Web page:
The Disney Dirndl Challenge

Sometimes you wish you could bring the flair, cut, construction and finishing techniques of historical clothing, and the magic of Disney costumes, into real life. A dirndl is almost something in between, and when some of us Disney cosplayers/historical costumers discussed this a few months ago, the Disney Dirndl Challenge was born. It’s hosted by the Historically Accurate Disney Costuming group – another result of the discussion mentioned above – on Facebook, but as not everyone is on Facebook, I will post about it here too.
 

 

What is a dirndl?
A dirndl is a female outfit from Austria, South Tyrol and Bavaria. It’s originally the middle class’ romanticized version of Alpine folk costumes, and, following current trends and fashions, looks quite different today from its beginnings in the late 1800’s. Despite the changes in style, fabric and colours, a classic dirndl consists of these elements:
 

– A blouse, usually white, reaching to just below the bust, and with a vast variety in neckline and sleeve styles. It’s not quite the thing to wear a sleeveless dirndl dress without a blouse.

 

– A dress with a tightly fitted bodice and a full skirt. The bodice closes in front with hooks, buttons or a zip and decorative lacing, depending on what area it’s from, and how traditional it is. Though usually sleeveless, short or long sleeves is an option, especially in winter. The blouse can then be omitted. The skirt typically consists of straight panels pleated to the bodice, but in modern fashion dirndl you sometimes see flared skirts. A classy dirndl skirt shouldn’t be shorter than to just below the knee, but can be longer – for formal events it’s often ankle length, but mid-calf is also pretty. It can be made from the same fabric as the bodice, a matching fabric or a contrasting one. It usually looks better when worn over petticoats: tulle is fluffy, cotton comfortable and swishy.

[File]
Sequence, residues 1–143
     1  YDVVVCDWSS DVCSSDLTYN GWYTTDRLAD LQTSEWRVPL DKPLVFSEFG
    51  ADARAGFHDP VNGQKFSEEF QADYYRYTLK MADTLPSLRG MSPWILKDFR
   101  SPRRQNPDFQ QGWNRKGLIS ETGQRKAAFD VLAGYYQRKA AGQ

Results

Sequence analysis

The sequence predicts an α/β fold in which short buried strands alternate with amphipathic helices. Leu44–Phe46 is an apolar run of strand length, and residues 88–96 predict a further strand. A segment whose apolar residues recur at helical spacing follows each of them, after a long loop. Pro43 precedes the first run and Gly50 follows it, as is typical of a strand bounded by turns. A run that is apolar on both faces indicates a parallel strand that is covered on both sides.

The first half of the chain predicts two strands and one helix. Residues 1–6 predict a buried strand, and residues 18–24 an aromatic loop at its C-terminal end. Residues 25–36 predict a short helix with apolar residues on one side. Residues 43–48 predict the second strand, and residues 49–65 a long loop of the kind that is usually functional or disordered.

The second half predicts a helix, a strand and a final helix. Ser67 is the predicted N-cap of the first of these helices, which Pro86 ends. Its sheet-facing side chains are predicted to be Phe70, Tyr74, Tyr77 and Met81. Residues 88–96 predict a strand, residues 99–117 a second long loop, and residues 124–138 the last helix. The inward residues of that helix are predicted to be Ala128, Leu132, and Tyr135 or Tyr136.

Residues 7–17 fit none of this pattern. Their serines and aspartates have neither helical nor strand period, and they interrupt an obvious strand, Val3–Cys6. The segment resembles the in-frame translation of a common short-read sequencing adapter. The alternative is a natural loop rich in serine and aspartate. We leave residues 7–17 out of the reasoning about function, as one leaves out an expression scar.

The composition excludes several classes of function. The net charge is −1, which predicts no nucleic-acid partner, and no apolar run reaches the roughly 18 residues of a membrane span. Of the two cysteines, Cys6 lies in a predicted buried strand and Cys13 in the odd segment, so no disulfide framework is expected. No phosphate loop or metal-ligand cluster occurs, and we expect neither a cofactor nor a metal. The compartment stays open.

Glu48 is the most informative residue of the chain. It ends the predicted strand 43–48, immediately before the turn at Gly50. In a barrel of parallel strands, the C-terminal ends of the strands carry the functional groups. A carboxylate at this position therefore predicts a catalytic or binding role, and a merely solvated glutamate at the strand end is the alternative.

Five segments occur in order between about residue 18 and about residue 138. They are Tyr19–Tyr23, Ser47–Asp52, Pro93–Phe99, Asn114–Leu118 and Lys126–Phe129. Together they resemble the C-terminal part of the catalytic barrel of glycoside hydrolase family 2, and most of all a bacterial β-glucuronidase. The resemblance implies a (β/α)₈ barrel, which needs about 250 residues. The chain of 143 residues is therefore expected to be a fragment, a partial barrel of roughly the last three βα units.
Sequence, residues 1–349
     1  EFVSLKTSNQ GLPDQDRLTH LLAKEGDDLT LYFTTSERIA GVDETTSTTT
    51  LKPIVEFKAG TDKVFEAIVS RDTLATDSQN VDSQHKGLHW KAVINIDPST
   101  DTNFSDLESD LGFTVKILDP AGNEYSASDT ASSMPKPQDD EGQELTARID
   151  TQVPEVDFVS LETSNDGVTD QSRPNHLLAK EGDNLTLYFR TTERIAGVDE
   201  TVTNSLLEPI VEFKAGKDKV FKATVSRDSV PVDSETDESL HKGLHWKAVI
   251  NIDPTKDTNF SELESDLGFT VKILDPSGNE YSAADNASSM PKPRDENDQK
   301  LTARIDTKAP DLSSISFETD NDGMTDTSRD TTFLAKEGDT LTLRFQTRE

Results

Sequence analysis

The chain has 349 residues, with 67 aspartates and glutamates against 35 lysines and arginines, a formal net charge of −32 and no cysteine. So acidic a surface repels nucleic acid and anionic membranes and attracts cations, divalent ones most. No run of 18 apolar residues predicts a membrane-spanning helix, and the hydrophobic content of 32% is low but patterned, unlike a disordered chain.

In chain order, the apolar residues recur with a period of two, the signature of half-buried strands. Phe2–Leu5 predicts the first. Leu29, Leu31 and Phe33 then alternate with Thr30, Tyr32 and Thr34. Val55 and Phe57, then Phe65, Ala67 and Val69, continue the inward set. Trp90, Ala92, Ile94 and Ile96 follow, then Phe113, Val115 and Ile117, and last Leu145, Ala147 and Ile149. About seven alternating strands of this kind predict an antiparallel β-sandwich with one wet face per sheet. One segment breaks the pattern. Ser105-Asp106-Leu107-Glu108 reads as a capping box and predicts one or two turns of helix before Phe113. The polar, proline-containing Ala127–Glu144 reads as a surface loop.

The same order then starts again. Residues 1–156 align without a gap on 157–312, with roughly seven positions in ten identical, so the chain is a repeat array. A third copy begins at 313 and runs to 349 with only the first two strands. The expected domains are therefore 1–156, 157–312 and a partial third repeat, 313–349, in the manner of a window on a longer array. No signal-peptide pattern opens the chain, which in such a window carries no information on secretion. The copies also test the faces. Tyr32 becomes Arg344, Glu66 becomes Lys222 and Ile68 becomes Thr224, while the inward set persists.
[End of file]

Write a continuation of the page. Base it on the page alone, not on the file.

– An apron. This is a vital part of a dirndl, or it’s just another jumper dress. The apron is often tightly cartridge pleated or stroke gathered to a waistband. The apron ties in front, off to one side: there is a modern myth that you can tell a woman’s relationship status by the placement of the bow, but it does not have any base in tradition – seeing how widespread this myth is, however, maybe it will become truth in time?

 

Dirndls are not typically worn on a day to day basis in Austria, Bavaria and South Tyrol, but rather for formal wear, during Oktoberfest/Wiesn, or by women in tourist businesses. However, that is not a rule written in stone. Over the years dirndls have influenced regular fashion all over the West, gone in an out of popularity. There is currently a sort of revival of dirndl mania – we’re jumping on the bandwagon with this challenge.

 

Cut and Construction
Dirndl construction uses several sewing techniques familiar to historical costumers, like flatlining, cartridge pleating and piping, details that give a beautiful result to the finished garment, seldom seen in most modern clothing. There are several patterns available for dirndls. Some are more costume-y: avoid those. This is a pretty good summary of what’s available.

 

What patterns you use – the cut of bodice and blouse – can greatly enhance the look of the character you are inspired by. There are thousands of images of dirndls online, so there is lots of inspiration and research possibilities.

 

Material and Colours